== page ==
Reiterating his aim to "negotiate" cuts—even if they aren't to Medicare or Social Security—McCarthy insisted Sunday that "there will not be a default. But what is really irresponsible is what the Democrats are doing right now, saying we just raise the limit."

The White House and other critics have taken such comments as the Republican leader not committing to preventing a default.

"Speaker McCarthy's unwillingness to-date to taking the threat of default off the table makes him an outlier, including among current and former leaders of his own party," says the new memo, pointing to statements from not only Biden, Senate Majority Leader Chuck Schumer (D-N.Y.), and House Minority Leader Hakeem Jeffries (D-N.Y.) but also Senate Minority Leader Mitch McConnell (R-Ky.) and former Republican Presidents Donald Trump and Ronald Reagan.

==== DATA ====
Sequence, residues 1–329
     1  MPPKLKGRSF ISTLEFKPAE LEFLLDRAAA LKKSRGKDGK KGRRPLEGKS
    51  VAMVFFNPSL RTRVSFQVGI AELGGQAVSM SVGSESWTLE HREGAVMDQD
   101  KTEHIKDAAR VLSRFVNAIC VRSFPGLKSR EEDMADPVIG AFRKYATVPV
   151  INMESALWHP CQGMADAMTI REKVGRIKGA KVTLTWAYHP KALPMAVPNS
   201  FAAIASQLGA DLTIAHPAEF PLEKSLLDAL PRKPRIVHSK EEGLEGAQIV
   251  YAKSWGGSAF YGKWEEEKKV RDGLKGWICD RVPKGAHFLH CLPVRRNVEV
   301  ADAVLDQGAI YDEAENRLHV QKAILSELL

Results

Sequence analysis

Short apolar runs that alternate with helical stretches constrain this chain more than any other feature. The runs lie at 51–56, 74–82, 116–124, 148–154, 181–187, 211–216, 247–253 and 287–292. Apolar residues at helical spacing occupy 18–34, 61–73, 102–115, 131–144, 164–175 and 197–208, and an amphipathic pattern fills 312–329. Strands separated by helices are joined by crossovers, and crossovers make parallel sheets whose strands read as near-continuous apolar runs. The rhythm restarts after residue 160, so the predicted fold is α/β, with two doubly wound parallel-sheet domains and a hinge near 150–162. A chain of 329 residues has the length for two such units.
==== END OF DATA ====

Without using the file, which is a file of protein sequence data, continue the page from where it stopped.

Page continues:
"In Wednesday's meeting, President Biden will seek a clear commitment from Speaker McCarthy that default—as well as proposals from members of his caucus for default by another name—is unacceptable," the document continues. "President Biden will ask Speaker McCarthy to publicly assure the American people and the rest of the world that the United States will, as always, honor all of its financial obligations."

As Government Executivereported Tuesday:

There is no blueprint for how the government would operate if it reached and broke through its debt ceiling, though it is clear agencies would not be able to carry out their normal operations. Because typical spending outpaces the revenue the Treasury Department brings in on a given day, the federal government would only be able to pay 60% of its bills in a given month of a default scenario, according to a Bipartisan Policy Center estimate.